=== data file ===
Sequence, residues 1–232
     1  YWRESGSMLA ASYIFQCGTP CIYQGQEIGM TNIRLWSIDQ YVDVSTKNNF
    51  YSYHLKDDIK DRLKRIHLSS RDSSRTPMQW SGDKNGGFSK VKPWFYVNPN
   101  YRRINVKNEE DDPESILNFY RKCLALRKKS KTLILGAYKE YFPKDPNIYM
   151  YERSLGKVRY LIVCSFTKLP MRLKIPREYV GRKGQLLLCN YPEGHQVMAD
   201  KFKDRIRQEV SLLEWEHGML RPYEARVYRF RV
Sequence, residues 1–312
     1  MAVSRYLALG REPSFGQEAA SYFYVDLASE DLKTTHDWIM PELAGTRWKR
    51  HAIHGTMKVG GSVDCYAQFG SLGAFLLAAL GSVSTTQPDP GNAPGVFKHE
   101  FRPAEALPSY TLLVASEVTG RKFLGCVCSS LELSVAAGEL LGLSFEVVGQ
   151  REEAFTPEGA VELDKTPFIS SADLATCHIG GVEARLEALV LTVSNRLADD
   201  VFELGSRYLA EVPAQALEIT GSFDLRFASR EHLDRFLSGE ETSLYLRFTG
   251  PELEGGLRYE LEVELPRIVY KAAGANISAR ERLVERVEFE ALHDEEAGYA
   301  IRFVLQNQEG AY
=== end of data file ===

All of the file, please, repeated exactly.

Sequence, residues 1–232
     1  YWRESGSMLA ASYIFQCGTP CIYQGQEIGM TNIRLWSIDQ YVDVSTKNNF
    51  YSYHLKDDIK DRLKRIHLSS RDSSRTPMQW SGDKNGGFSK VKPWFYVNPN
   101  YRRINVKNEE DDPESILNFY RKCLALRKKS KTLILGAYKE YFPKDPNIYM
   151  YERSLGKVRY LIVCSFTKLP MRLKIPREYV GRKGQLLLCN YPEGHQVMAD
   201  KFKDRIRQEV SLLEWEHGML RPYEARVYRF RV
Sequence, residues 1–312
     1  MAVSRYLALG REPSFGQEAA SYFYVDLASE DLKTTHDWIM PELAGTRWKR
    51  HAIHGTMKVG GSVDCYAQFG SLGAFLLAAL GSVSTTQPDP GNAPGVFKHE
   101  FRPAEALPSY TLLVASEVTG RKFLGCVCSS LELSVAAGEL LGLSFEVVGQ
   151  REEAFTPEGA VELDKTPFIS SADLATCHIG GVEARLEALV LTVSNRLADD
   201  VFELGSRYLA EVPAQALEIT GSFDLRFASR EHLDRFLSGE ETSLYLRFTG
   251  PELEGGLRYE LEVELPRIVY KAAGANISAR ERLVERVEFE ALHDEEAGYA
   301  IRFVLQNQEG AY